Cardiac tissue engineering aims to produce replacement tissue patches in the lab to replace or treat infarcted myocardium. However, current patches lack preformed microvascularization and are therefore limited in thickness and force production. In this study, we sought to assess whether a bilayer patch composed of a layer made from human induced pluripotent stem cell-derived cardiomyocytes and a microvessel layer composed of self-assembled human blood outgrowth endothelial cells and pericytes was capable of engrafting on the epicardial surface of a nude rat infarct model and becoming perfused by the host 4 weeks after acute implantation. The bilayer configuration was found to increase the twitch force production, improve human induced pluripotent stem cell-derived cardiomyocyte survival and maturation, and increase patent microvessel lumens compared with time-matched single layer controls after 2 weeks of in vitro culture. Upon implantation, the patch microvessels sprouted into the cardiomyocyte layer of the patch and inosculated with the host vasculature as evidenced by species-specific perfusion labels and erythrocyte staining. Our results demonstrate that the added microvessel layer of a bilayer patch substantially improves in vitro functionality and that the bilayer patch is capable of engraftment with rapid microvessel inosculation on injured myocardium. The bilayer format will allow for scaling up in size through the addition of layers to obtain thicker tissues generating greater force in the future.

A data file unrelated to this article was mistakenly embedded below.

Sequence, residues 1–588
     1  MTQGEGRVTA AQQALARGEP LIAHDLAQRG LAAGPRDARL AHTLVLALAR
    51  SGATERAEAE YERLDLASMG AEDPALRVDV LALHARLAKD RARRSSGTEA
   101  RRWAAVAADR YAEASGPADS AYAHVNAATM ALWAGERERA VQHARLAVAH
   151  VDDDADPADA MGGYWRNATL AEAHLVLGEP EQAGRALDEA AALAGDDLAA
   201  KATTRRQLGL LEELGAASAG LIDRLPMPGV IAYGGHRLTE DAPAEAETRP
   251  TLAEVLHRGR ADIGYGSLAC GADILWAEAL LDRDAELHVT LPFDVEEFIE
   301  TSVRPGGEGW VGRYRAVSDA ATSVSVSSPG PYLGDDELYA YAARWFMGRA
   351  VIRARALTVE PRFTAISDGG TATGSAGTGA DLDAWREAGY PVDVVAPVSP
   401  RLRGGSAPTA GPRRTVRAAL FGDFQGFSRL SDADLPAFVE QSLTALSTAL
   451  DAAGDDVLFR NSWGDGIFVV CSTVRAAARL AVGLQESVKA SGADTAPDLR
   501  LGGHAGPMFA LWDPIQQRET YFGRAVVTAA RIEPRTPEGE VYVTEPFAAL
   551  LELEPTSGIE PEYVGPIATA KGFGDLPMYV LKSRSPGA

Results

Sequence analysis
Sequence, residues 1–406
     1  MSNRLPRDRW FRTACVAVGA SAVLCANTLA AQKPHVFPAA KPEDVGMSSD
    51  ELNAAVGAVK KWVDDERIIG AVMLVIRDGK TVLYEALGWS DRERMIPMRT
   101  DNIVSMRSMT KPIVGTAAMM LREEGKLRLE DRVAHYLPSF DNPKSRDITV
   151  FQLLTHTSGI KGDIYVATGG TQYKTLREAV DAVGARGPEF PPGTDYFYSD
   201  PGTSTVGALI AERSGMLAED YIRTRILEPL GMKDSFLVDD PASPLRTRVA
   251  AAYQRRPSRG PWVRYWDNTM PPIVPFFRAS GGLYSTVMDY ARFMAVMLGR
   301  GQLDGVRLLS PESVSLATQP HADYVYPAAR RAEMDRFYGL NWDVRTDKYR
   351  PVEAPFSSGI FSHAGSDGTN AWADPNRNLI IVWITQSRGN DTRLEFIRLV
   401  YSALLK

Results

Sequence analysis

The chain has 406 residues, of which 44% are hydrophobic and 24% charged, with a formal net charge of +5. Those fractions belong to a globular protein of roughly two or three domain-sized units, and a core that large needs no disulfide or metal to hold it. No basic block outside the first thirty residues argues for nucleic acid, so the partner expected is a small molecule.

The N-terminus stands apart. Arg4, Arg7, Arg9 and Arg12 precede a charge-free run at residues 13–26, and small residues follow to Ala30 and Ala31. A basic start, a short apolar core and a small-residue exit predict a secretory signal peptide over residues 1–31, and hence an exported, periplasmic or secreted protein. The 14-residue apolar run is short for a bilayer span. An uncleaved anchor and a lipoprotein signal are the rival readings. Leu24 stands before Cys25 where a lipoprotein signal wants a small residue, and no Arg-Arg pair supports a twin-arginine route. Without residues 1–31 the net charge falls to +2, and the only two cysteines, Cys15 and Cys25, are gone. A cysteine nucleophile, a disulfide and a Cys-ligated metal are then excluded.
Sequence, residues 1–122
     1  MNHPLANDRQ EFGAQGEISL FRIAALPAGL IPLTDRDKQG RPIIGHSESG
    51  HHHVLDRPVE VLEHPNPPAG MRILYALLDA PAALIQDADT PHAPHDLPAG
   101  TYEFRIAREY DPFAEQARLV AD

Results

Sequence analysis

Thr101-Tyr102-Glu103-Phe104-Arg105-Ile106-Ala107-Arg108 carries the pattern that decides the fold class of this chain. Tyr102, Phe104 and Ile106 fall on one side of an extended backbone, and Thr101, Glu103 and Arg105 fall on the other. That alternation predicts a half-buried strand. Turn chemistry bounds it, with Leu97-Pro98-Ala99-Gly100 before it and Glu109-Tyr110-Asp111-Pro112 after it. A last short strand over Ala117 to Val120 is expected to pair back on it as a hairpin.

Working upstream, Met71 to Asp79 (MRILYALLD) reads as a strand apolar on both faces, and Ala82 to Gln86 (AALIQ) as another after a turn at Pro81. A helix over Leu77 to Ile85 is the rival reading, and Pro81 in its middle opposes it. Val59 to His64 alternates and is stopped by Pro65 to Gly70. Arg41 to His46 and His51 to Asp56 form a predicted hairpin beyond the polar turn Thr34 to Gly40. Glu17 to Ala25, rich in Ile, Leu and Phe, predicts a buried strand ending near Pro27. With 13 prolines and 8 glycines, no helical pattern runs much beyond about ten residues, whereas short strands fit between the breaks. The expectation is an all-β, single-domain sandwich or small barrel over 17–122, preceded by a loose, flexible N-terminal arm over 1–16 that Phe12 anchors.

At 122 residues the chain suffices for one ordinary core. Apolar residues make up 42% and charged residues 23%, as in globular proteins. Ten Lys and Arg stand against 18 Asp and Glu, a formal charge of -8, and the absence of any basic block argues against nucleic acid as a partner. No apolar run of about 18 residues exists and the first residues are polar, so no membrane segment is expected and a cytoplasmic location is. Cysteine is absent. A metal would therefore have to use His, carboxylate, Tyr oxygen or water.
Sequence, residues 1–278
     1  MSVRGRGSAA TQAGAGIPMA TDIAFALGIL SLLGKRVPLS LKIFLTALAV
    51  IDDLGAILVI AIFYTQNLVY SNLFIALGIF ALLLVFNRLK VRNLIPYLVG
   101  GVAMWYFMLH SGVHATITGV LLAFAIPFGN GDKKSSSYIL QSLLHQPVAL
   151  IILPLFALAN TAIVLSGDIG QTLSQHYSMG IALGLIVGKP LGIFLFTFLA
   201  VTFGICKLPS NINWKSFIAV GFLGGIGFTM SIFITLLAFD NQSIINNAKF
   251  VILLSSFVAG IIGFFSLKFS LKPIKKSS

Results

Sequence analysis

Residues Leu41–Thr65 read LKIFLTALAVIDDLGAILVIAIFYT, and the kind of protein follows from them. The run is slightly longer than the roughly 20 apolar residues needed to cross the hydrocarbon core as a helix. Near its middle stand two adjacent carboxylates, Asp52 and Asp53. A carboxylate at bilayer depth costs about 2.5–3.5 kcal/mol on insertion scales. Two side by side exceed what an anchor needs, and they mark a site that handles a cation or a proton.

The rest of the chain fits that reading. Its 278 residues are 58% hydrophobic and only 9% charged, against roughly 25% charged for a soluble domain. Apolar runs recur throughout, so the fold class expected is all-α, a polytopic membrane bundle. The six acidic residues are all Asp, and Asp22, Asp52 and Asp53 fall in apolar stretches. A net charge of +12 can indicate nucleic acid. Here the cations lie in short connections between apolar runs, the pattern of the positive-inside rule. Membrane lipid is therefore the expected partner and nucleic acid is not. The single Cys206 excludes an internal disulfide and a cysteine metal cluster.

|Original language||English (US)|
|Number of pages||11|
|Journal||Journal of Tissue Engineering and Regenerative Medicine|
|State||Published - Feb 1 2018|
Bibliographical noteFunding Information:
This work was supported by National Institutes of Health Grant R01 HL108670 (to R. T. T.). We thank Susan Saunders, Jackson Baril, and Jake Siebert for their technical assistance.
Copyright © 2017 John Wiley & Sons, Ltd.
- cardiomyocyte maturation
- engineered microvessel
- engineered myocardium
- induced pluripotent stem cell-derived cardiomyocyte
- tissue engineering